10 to Watch Winner: Pani Energy

Devesh Bharadwaj has a philosophy: don’t fall in love with the solution, fall in love with the problem. The problem his technology is solving is both critical and global: creating fresh water from non-fresh sources.

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Pani Energy's Devesh Bharadwaj
Devesh Bharadwaj. Photo by Jeffrey Bosdet.

Since he was a teenager, Pani Energy ‘s Devesh Bharadwaj has been interested in combining technology and business to make a disruptive impact.

Bharadwaj grew up in India and was intimately connected to the world’s growing need for freshwater resources. Soon after he began studying at the University of Victoria, Bharadwaj inspired a partnership between the engineering and chemistry departments. The result would become Pani Energy, a research-based company that uses technology to reduce the cost of producing fresh water from non-fresh sources.

“There is a tremendous amount of infrastructure needed, worldwide, to address water treatment, and the question becomes, how can we do this successfully while being environmentally friendly and economically feasible for those who will struggle to meet the gap?” says Bharadwaj, who has received numerous awards for his entrepreneurship and engineering since launching Pani in 2017.

Bharadwaj knew about the projected 60-per-cent gap in world freshwater needs by 2030, and he wanted to give companies digital technology to run at state-of-the-art levels while improving hardware and software options to revolutionize the water and energy industry.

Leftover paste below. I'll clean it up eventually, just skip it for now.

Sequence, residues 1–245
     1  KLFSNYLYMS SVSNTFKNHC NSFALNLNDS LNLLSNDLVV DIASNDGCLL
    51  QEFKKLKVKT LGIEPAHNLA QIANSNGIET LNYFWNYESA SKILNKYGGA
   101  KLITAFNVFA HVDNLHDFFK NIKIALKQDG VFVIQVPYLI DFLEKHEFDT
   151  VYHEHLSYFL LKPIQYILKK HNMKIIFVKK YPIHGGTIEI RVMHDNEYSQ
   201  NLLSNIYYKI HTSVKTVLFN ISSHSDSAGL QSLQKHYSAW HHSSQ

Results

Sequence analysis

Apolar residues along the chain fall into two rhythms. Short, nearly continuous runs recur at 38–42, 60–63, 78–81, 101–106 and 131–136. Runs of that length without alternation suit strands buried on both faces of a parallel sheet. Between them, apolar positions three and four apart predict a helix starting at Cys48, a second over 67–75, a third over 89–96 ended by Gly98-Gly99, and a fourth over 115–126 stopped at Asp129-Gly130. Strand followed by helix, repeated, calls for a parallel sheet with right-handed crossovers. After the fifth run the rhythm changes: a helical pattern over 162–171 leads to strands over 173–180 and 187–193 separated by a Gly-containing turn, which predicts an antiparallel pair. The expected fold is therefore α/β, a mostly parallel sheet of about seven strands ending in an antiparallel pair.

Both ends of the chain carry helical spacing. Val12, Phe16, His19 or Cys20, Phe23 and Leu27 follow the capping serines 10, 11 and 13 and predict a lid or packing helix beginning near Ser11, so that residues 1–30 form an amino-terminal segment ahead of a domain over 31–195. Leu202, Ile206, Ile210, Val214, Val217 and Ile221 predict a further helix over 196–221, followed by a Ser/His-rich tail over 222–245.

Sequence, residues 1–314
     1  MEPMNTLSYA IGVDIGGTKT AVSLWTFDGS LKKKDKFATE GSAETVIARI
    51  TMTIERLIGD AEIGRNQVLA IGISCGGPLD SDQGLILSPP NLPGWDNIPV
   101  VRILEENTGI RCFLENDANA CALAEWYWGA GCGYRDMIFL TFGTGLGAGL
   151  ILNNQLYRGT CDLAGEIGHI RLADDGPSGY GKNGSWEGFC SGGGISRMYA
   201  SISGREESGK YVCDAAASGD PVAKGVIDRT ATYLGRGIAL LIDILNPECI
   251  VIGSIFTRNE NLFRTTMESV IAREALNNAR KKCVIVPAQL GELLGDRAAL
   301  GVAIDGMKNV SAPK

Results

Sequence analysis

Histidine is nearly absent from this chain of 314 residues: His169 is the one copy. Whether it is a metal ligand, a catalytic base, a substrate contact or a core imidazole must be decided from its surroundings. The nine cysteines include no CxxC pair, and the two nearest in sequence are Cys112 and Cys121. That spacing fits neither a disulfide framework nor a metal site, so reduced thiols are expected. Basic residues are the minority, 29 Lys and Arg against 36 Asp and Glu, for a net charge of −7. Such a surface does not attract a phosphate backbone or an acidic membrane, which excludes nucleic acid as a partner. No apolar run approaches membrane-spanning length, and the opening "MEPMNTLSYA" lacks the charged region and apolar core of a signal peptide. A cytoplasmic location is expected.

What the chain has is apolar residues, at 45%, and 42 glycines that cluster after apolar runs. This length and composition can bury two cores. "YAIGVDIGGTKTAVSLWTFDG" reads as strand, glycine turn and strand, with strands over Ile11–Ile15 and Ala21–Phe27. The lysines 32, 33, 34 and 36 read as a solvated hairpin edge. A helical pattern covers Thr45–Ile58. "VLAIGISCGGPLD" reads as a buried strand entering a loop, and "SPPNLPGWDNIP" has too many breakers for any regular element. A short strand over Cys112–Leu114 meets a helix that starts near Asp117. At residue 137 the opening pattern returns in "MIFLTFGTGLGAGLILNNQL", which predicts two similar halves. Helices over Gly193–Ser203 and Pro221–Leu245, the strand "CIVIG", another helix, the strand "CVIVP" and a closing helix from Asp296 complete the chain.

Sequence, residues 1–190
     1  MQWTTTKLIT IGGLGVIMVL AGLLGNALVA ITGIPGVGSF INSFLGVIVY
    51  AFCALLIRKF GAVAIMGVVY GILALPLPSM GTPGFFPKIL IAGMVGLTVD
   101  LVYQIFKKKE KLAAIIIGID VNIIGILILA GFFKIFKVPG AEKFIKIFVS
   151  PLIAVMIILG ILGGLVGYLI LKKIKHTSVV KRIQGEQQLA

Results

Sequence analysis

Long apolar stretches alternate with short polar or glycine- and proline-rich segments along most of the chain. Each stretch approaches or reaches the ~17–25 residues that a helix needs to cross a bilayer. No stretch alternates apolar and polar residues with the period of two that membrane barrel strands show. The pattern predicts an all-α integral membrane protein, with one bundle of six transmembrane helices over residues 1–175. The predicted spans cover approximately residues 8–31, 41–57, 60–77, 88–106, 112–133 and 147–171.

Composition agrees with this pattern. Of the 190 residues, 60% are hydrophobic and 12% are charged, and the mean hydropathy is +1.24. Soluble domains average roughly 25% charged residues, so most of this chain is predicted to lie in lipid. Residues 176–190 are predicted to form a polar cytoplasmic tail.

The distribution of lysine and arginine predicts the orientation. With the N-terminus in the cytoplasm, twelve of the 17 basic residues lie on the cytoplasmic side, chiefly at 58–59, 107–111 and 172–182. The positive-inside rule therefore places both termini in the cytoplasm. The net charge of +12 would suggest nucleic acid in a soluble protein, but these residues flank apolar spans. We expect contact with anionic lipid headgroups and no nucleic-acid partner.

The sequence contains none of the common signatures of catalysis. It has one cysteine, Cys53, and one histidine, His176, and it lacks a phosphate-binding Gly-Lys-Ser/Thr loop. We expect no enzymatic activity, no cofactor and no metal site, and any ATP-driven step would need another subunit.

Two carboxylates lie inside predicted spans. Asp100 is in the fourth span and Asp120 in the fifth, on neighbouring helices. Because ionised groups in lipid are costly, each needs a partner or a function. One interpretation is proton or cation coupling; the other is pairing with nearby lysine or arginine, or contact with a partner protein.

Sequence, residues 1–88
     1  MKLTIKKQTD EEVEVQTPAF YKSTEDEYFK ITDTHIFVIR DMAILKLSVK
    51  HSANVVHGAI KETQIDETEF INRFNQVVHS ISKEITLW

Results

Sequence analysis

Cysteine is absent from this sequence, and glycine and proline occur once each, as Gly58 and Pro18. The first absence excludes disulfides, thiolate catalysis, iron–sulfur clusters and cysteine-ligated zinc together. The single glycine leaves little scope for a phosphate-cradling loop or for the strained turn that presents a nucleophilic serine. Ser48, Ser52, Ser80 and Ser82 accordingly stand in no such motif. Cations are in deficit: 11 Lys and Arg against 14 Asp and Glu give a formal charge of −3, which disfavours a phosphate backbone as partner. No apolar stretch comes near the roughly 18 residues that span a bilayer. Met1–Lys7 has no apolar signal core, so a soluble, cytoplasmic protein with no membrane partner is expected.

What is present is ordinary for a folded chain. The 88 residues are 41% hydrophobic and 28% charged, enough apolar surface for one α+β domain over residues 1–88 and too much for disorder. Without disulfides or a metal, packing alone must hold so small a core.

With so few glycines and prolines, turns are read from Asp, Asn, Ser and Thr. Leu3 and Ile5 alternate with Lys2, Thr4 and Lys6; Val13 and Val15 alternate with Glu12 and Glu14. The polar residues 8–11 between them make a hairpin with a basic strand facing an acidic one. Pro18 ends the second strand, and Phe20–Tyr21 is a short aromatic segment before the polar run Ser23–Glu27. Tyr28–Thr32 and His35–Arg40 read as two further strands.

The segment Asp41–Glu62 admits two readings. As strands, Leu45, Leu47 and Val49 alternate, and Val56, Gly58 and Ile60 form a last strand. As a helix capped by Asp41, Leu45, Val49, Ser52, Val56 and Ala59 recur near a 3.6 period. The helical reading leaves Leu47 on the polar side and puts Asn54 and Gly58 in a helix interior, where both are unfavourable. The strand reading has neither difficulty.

It may sound like no small feat, but Bharadwaj has an even more ambitious goal in mind.

“I wanted to find the biggest problem to solve,” says Bharadwaj, “and, by focusing on water, Pani is actually addressing a much larger issue: climate change. There’s nothing more important I could work on.”

A Q & A with Devesh Bharadwaj of Pani Energy

What advice would you give to someone just starting out?

Surround yourself with experienced, intelligent and generous advisors. Let them pick problems to solve — and, focus on important problems, rather than urgent ones.

What was the scariest part of starting up?

Knowing there is a high chance of failure can be scary. There were times I asked, “Am I making the right decision?” I was. Confidence, at the beginning, is knowing you’ll be OK if you do fail.

What book or podcast have you found most inspirational?

The book Zero to One: Notes on Startups, or How to Build the Future by Peter Thiel touches on something interesting. True disruption and innovation in society is going from zero to one. It’s not looking for the best technique to clear horse manure; it’s building a car.   

This article is from the April/May 2019 issue of Douglas.